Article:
Education In Japanese Detention Camps Essay

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Seventy-four days after the Japanese military’s attack on Pearl Harbor on December 7, 1941, U.S. President Franklin D. Roosevelt signed Executive Order 9066. The order allowed military commanders to set up an Exclusion Area where Japanese and Japanese Americans could not be present to guard “against espionage and against sabotage.” This area encompassed all of California, southern Arizona, and western Washington and Oregon. In this area resided 110,000 Japanese and Japanese Americans who were eventually detained in War Relocation Authority (WRA) camps. The camps were consistently referred to as “resettlement camps” and “havens of refuge” by the Army public relations agency. Over half of the detainees were below the voting age.

Prior to WRA detention, Japanese Americans were held in Assembly Centers, where many camp residents had established makeshift nurseries, small libraries, and kindergarten, history, current events, and English classes. However, when the detainees were moved to the WRA camps, these community educational initiatives were essentially scrapped. Schooling for detainees of high school age and under was provided at all ten of the Relocation Centers by the WRA. Part of the mission of the schools devised by civilian planners was rooted in the philosophy of New Deal social programs—to give detainees stability during a catastrophic situation and reintegrate them into society after it had passed. The camp schools in Jerome, Arkansas, had a stated mission shared by other schools managed by the WRA, to “develop an educational program which would promote an understanding of American ideals: loyalty to American institutions and training for the responsibilities of citizenship and of family.”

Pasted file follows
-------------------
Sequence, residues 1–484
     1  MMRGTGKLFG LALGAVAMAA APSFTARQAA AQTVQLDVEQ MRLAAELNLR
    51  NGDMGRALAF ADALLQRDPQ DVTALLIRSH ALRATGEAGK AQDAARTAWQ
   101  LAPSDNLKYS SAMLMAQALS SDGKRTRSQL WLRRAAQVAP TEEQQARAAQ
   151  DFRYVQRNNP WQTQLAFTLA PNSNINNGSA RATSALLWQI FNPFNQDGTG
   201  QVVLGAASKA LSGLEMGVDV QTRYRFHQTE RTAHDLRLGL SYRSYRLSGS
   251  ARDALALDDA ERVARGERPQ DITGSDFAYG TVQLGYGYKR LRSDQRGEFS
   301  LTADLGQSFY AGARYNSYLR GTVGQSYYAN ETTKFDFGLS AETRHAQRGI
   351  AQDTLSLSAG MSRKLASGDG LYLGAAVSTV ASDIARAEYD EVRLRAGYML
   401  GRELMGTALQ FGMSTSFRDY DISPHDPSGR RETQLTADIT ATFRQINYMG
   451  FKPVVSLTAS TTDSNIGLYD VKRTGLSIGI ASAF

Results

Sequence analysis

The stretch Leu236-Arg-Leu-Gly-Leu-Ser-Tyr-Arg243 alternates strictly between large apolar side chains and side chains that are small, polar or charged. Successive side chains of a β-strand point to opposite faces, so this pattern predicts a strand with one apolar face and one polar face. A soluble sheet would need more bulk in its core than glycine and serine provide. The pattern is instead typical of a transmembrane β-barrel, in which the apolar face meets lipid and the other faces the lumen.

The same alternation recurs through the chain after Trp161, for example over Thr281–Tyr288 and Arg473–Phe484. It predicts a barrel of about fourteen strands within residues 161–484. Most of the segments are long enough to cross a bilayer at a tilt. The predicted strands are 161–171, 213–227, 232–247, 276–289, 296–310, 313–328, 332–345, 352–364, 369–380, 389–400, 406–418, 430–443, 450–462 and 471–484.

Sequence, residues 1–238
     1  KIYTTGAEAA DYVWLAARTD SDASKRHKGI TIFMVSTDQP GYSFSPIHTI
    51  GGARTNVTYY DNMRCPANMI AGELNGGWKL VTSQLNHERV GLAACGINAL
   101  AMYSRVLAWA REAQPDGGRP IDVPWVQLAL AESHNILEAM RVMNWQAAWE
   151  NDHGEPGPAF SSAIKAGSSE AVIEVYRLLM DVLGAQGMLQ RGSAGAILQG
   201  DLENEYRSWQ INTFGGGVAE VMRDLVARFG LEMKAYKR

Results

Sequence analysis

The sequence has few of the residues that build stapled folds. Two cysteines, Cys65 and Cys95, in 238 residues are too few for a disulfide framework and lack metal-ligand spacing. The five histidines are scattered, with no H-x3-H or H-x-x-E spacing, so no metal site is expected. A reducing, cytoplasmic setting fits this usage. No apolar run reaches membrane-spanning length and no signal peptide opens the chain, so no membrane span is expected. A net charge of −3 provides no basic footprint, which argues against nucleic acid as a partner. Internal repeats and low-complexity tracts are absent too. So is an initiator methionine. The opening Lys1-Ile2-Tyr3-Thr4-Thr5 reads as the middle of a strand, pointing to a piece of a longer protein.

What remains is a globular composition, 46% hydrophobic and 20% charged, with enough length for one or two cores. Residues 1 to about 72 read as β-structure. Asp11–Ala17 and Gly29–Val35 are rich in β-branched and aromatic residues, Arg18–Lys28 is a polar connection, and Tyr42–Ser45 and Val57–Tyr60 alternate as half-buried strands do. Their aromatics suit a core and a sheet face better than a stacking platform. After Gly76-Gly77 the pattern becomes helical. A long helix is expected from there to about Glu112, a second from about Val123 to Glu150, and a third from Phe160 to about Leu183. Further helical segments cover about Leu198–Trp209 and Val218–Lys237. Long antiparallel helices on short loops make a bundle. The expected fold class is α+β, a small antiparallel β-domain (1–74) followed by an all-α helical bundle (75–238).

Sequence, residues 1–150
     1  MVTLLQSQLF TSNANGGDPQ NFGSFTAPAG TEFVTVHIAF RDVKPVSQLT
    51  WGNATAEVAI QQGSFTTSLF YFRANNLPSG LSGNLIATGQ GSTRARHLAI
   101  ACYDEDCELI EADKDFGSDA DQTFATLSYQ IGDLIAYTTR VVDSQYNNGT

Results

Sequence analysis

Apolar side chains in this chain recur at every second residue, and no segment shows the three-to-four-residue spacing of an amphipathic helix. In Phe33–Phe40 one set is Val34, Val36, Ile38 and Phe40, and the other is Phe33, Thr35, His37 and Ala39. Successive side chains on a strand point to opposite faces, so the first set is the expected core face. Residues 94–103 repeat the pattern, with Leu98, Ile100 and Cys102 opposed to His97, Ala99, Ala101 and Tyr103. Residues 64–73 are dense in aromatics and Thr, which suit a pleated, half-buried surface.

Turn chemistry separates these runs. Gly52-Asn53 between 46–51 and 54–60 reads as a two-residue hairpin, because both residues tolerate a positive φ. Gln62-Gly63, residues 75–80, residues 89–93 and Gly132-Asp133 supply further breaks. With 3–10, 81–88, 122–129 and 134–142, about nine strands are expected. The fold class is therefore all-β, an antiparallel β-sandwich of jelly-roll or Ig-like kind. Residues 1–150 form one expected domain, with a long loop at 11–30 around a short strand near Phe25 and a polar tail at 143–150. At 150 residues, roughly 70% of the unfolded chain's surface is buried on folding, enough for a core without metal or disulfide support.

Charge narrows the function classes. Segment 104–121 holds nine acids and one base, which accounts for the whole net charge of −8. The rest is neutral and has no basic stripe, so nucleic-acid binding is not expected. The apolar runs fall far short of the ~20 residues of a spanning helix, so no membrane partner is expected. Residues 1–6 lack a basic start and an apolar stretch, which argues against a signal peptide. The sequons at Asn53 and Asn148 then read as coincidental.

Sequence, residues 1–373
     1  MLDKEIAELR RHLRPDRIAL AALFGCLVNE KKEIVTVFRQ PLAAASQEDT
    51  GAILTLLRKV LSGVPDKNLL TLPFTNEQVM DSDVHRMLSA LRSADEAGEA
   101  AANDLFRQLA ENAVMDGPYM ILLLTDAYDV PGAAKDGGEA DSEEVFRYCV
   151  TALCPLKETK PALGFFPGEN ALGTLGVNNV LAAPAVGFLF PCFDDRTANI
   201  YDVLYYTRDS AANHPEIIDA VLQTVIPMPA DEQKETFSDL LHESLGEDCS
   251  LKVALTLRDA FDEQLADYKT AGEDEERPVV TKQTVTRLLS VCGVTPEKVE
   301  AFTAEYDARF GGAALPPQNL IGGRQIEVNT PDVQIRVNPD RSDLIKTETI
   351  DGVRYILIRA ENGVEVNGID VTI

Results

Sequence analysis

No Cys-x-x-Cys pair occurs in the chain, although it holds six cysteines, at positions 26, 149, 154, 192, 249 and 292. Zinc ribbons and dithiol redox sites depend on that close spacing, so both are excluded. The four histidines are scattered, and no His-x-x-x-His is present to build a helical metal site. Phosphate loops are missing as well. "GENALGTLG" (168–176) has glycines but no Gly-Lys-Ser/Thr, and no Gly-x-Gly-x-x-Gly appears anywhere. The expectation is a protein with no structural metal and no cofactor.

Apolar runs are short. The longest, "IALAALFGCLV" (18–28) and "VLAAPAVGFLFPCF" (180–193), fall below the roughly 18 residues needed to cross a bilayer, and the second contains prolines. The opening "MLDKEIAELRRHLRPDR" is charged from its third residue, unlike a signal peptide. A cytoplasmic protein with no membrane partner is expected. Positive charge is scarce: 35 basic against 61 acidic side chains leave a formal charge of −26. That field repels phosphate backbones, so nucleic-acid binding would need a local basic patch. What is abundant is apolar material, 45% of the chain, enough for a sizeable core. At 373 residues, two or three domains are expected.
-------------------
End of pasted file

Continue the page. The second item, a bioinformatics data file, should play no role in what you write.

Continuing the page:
This mission was to be accomplished under armed military guard, in tarpaper barracks in camps located in far-flung swamplands, deserts, and prairies west of the Mississippi River. The average student-to-teacher ratio of these schools was 48:1 in elementary schools and 35:1 in high schools, compared to the national average student-to-teacher ratio of 28:1. Over 90 percent of the certified teachers were European American. Much of what constituted the “loyalty” portion in the planning of this education program consisted of discouraging the traditions of Japanese families in favor of assimilation into roles in mainstream society for when the war ended. Nevertheless, Japanese parents’ involvement in their children’s education and cultural life was high, despite the coercive nature of camp life and their conflicts with teachers representing camp policies.

Bibliography:

  1. Ito, L. A. (2000). Japanese American women and the student relocation movement, 1942–1945. Frontiers: A Journal of Women’s Studies, 21(3), 1–24.
  2. James, T. (1987). Exile within: The schooling of Japanese Americans, 1942—1945. Cambridge, MA: Harvard University Press.
  3. Weber, M. (1980). The Japanese camps in California. Journal for Historical Review, 2(1), 45.
  4. Weglyn, M. (1976). Years of infamy: The untold story of America’s concentration camps. Seattle: University of Washington Press.

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